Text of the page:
Top healthy activities for kids
Pittsburgh has a reputation for being a great city to raise a family — maybe because fitness and health are a family affair here. Parents looking for ways to keep their young ones fit mentally and physically have a hearty and unique range of choices.
Get out on one of the city’s majestic rivers with the Three Rivers Rowing Association (TRRA). This summer, Three Rivers Rowing introduces its first ever camp for fourth through seventh grade.
“Being on the water is an experience like no other,” says Rick Brown, executive director of TRRA and head coach of the Juniors Team. “It’s beautiful, fun and challenging. Anyone can learn how to row and it’s a lifetime skill.”
Brown said parents have been asking for a camp for younger kids for years.
“It’s a bonding experience, that can be really important for that age group, before high school and through high school,” explains Brown. “You really have pretty extreme bonds with the people you row with. It’s very team oriented. There aren’t a lot of stars. It’s very equal.”
“It’s not your typical sport,” says Denise Tobee, mom of a former TRRA member and now a rower herself. “But it’s an incredible sport.”
Tobee’s son Dario started rowing after eighth grade when his interest in soccer waned and he’s continued rowing through high school and college. He now coaches a club team at Evergreen State College in Olympia, Washington.
It became a family activity when Denise started rowing three years after Dario and they’ve had a chance to row together with Dario as coxswain.
“He had a love of boats and water so I signed him up,” remembers Tobee. “It was hard but he loved it right away. When you row, it’s more like a family unit, a way of belonging.”
There are four different two-week camps running 10 a.m.-12 p.m. Monday-Friday based at the TRRA’s Washington’s Landing facility. Campers will be asked to complete a swim test.
Shaler North Hills Library programs
Adopting healthy habits as a family is more fun, and the Shaler North Hills Library offers great programs based on that winning formula. Both Kids Aerobics and It’s a (W)Rap offer families fitness and healthy food-centered fun.
“Libraries today have become more community centers empowering people in all parts of their lives,” explains Ingrid Kalchthaler, head of youth services. “This is a meeting place where parents can be given the tools to help their children grow up. We have been doing the aerobics a long time, giving parents and grandparents a chance to work together with their children.”
Kids Aerobics, a favorite at the library, can draw anywhere from 20-60 participants to one of its two sessions on Thursdays; the new It’s a (W)Rap program is also building a loyal following.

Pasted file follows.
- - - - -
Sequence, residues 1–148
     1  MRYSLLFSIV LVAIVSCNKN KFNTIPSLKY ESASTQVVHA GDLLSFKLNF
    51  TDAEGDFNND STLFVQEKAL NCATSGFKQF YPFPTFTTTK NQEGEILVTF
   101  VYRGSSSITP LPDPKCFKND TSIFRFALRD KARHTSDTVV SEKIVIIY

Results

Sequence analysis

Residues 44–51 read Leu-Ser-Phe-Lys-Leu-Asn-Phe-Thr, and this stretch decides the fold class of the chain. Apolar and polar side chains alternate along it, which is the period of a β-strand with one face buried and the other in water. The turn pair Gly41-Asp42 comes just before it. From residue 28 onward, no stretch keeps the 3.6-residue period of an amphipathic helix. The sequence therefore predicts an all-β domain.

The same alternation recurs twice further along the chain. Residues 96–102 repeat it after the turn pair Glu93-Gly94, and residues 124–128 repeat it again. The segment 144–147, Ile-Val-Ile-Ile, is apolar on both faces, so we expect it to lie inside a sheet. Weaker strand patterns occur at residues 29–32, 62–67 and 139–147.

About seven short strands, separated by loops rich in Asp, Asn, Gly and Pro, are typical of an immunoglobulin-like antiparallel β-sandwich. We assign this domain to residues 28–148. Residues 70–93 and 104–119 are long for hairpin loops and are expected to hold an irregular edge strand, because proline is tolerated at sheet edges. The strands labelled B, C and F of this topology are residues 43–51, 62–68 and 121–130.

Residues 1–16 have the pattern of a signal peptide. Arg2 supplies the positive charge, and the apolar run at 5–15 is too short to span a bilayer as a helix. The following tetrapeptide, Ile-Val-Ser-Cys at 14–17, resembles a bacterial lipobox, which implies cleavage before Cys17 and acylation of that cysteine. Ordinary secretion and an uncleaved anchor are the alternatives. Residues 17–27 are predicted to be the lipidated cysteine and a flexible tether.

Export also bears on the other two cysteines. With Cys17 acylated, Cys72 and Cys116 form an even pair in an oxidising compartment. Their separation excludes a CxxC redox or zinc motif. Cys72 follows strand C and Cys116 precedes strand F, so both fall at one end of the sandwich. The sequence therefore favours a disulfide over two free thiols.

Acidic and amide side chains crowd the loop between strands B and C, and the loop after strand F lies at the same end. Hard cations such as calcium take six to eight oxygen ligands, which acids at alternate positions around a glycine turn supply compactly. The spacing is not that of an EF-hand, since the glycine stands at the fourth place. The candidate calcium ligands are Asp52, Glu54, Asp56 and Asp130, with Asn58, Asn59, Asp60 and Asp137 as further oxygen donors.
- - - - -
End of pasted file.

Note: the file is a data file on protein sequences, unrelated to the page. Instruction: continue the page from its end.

Created by Youth Service Program Specialist Karen Hathaway, It’s a (W)Rap introduces kids to good food and exercise and pairing the lesson with books that parents can take home.
“We use books to foster the environment of healthy lifestyle choices,” says Hathaway. “In one class we used a non-fiction book about farmers and wool. We threw balls of wool around, made a healthy snack, and talked about food groups, based on MyPlate.gov.”
Nick, age 5, and his grandmother Gretchen Rickloff of Hampton, are long-time attendees of programs at Shaler but It’s a (W)Rap might be Nick’s new favorite.
“I wonder what we’re going to eat today!” Nick wonders before It’s a (W)Rap, offered Tuesdays at 12:30 p.m.
“Karen talks about nutrition in general and how the body uses the food you’ve eaten,” says Gretchen Rickloff. “She gives them an activity to do, keeps them active. If she’s talking about protein, she’ll have a wrap with deli ham and cheese. The kids wrap it up and make their own lunch. The next week she provides vegetables and kids wrap that up.”
A website unique to Pittsburgh, hb4life.com by UPMC’s Children’s Hospital of Pittsburgh offers parents and kids more information on staying healthy together.
Two free interactive tools, The Healthy Plate and the Big Five Tracker, grade kids’ behaviors and eating habits.
“Children’s decided to do this site as a way to make it easier for patients receiving care here to have access to educational tools and track and monitor behaviors that are related to healthy weight and healthy lifestyles,” explains Jodi Krall, project director for diabetes prevention and treatment programs for UPMC. “But it applies to kids of all ages and sizes.”
The Healthy Plate
The Healthy Plate offers an interactive dinner plate for kids.
“They can choose the design, click and drag food items over to the plate, get a score about nutrient and caloric intake, and they can get an idea of the recommendations for their particular needs,” says Krall.
The Big Five Tracker presents kids with questions about their behaviors relating to healthy weight status, including screen time, fast food consumption, sweetened beverages consumption, physical activity, and meal time with families. Kids can visit the site daily and get a score from 0-100.
If the entire family needs to improve their physical activity score, then Pittsburgh offers a selection of family fun runs and kids’ races this spring and summer. Jeremiah’s Place, Pittsburgh’s first crisis nursery, is hosting a Children’s Dash on April 27 in North Park.
“Every year since they were two, we have done the Junior Great Race — the dash and then the one-mile as they have gotten older — as a way to experience the joy of competing and accomplishing something,” explains Lynne Williams, co-founder of Jeremiah’s Place and mom of Matt, age 6, Nate, age 4 and Sam, age 2. “Our program will serve children, mostly under the age of 6, and families and so it was important for us to have children involved in this event. Just like I want to model for my sons the importance of health and activity, I want to provide that experience for other children and their families.”